Major Telecom Company launches Education Internet Service for Schools

The UK based Telecom company, BT has just launched CampusWorld which it claims to be the world’s largest on-line network providing a dedicated service for education. Although not the first company to launch an education Internet service aimed at schools, it appears to be the first company to be paying content providers to produce materials specifically for their service.

BT expect about 3,500 UK primary and secondary schools to subscribe to CampusWorld from soon after the launch, rising to about 6,500 by March 1996. A key element of the service is the ability of members to network on projects. Schools from around the world, for example, can get involved in mediated debates about a wide range of subjects, often involving specialist comments from recognised experts in the field.

CampusWorld provides clear guidelines to teachers and lecturers on how to manage student-centred research on the Internet, with protection from less desirable areas. Teachers can create their own environment, defining how much of the Internet may be accessed.

"Walled Garden"

CampusWorld has three main components. The main body consists of teaching resources and information put together by CampusWorld’s consultants in a "walled garden" on the Internet. This is only available to customers of the service. It is a huge interactive database containing a combination of curricular and cross-curricular services created for BT as well as a selection of the best educational services available on the main Internet. Other components consist of an Internet mailbox and full access to the Internet, controlled by password.

BT has recruited a wide range of professional partners to provide their materials through CampusWorld, including the National Trust, the Welcome Trust, museums, the French Embassy, the BBC, Ordnance Survey, BP and the Police. Projects and resources are aimed at all levels of education from five year-old to further and higher education. Examples of those currently available on the CampusWorld server include a "Newspaper Day" with the help of up-to-the-minute world news delivered by e-mail, schools are challenged to produce a newspaper within the space of a school day. "From Page to Stage" is a chance to question two actors and their director about the challenge of playing Macbeth; questions can range from the difficulty of playing particular scenes and the actors’ approach to their roles, to the challenges for directors. "Living in space" is a cross-curricular project with accompanying resource pack, including teachers’ notes and pupils’ worksheets with tasks sent out by e-mail each day. "Science-Net" enables teachers and students to send in a question on any medical or scientific matter and receive a personal reply from a team of professional scientists.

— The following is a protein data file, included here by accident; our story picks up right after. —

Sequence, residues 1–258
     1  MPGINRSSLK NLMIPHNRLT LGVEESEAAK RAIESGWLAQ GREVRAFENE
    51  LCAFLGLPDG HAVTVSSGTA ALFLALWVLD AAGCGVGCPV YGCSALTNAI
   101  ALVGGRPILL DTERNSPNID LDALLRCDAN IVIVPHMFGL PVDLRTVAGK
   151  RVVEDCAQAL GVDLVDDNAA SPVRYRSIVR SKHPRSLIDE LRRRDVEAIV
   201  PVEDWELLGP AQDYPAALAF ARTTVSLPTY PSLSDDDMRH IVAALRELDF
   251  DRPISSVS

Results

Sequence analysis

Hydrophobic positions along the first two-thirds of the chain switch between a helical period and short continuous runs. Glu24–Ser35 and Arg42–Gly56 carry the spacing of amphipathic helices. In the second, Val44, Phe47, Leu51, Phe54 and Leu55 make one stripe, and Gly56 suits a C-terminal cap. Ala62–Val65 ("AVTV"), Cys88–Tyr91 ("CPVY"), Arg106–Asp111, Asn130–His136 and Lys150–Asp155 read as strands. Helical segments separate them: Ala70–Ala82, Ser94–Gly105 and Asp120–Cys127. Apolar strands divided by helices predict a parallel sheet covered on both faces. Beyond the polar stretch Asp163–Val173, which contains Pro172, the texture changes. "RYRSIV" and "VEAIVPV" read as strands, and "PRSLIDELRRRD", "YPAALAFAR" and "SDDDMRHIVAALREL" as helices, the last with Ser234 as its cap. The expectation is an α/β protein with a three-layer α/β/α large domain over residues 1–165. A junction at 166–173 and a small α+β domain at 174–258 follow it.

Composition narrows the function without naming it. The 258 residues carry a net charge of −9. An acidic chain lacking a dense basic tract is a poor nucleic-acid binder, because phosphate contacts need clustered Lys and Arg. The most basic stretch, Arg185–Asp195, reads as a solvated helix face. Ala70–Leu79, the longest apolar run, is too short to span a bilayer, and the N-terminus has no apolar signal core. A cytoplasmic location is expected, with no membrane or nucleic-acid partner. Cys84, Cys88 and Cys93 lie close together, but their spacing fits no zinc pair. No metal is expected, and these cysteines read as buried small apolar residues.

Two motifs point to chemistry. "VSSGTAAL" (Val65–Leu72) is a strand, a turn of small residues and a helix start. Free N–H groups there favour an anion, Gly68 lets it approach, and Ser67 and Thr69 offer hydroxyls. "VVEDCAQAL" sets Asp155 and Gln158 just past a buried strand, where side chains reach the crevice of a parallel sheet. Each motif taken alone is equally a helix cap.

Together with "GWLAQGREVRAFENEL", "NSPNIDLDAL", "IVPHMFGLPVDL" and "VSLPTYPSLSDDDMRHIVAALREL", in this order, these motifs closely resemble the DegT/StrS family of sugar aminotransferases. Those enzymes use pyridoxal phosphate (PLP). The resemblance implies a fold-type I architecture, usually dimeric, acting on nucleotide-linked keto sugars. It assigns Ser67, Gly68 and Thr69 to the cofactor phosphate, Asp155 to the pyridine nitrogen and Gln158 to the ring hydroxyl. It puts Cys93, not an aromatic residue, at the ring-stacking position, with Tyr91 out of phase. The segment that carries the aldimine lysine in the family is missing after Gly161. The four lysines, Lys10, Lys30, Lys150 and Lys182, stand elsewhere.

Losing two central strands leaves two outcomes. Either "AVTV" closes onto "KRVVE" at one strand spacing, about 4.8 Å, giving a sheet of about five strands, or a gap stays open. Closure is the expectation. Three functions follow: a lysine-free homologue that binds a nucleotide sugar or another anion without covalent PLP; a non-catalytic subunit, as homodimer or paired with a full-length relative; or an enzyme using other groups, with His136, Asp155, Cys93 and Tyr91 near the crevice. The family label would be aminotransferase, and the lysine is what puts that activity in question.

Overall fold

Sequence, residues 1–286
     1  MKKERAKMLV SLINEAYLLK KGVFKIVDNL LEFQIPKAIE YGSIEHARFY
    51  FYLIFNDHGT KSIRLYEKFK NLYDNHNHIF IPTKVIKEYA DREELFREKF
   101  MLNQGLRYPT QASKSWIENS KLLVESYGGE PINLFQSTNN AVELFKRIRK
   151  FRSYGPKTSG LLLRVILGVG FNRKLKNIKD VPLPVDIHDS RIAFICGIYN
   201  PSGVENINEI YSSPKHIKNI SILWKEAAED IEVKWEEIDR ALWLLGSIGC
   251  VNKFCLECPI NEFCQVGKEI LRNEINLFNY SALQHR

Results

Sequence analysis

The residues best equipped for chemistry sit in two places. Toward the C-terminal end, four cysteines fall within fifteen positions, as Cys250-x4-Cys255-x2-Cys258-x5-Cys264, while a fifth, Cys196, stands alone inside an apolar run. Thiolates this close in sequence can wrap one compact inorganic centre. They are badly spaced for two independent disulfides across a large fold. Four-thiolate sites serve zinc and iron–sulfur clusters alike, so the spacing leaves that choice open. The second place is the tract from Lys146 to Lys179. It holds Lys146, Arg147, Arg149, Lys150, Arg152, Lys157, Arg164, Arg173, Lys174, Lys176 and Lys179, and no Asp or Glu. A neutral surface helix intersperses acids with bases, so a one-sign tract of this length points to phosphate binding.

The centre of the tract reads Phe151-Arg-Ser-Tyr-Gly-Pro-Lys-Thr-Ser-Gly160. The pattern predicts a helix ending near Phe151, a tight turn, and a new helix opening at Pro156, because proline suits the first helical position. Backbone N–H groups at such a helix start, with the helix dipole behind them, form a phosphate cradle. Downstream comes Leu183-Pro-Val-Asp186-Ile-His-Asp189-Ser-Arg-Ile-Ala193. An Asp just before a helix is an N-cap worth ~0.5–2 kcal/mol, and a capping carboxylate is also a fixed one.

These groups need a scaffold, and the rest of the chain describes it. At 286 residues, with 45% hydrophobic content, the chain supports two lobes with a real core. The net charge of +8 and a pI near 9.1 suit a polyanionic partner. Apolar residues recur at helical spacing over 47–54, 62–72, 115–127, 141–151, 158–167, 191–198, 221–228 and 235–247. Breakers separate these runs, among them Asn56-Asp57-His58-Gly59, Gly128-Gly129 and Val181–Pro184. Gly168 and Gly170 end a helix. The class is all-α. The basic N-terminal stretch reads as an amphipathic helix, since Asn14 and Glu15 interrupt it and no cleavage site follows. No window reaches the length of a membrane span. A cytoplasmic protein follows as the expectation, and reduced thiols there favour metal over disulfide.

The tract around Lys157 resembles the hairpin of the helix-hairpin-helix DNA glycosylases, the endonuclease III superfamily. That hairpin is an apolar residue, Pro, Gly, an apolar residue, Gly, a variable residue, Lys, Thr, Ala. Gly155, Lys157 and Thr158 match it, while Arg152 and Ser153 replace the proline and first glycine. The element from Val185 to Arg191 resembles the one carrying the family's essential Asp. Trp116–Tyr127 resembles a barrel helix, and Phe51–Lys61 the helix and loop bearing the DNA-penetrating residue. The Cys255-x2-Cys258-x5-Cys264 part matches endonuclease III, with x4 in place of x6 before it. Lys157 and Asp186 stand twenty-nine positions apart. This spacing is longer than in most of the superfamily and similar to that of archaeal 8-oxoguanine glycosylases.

BT’s existing on-line curriculum support service for schools Campus 2000 is based on Telecom Gold electronic mail technology, and will be phased out over the next 18 months and BT hope the majority of its 4000 customers will migrate onto the new CampusWorld service.

UK Government Schools’ minister, the Right Honourable Robin Squire, commented at the launch that "Both CampusWorld and its competitor services seek to provide a focus on educational quality and relevance which adds value to the Internet. This is very welcome. It is precisely the sort of development which we must see now if we are to harness the much greater speed and capacity of future networks to educational advantage." As well as the many commercial Internet providers there are already at least two other Internet providers offering specific education services to schools in the UK. As reported in issue 3 of this newsletter the UK computer and network solution company Research Machines (RM), have been offering "Internet for Learning" since January 1995 and The Education Exchange also offers a rather more limited service.

The BT launch will certainly stimulate interest amongst UK schools into the potential of using the Internet and it will also stimulate the development of high quality learning resources, particularly as BT are large enough to commission especially produced materials for their service. However, there is the question of whether other education Internet providers will have the resources to commission their own educational resources. Has competition really been created or is it still really a monopoly situation?

For further information contact:

CampusWorld , Westside, London Road, Hemel Hemstead HP3 9YZ, United Kingdom. Tel 0345 626253 (UK only) Fax +44 1442 295273 Email: or point your URL to:

Internet for Learning point your URL to:

The Education Exchange can be found on:

Issue 5 "Learning in a Global Information Society" 20 September 1995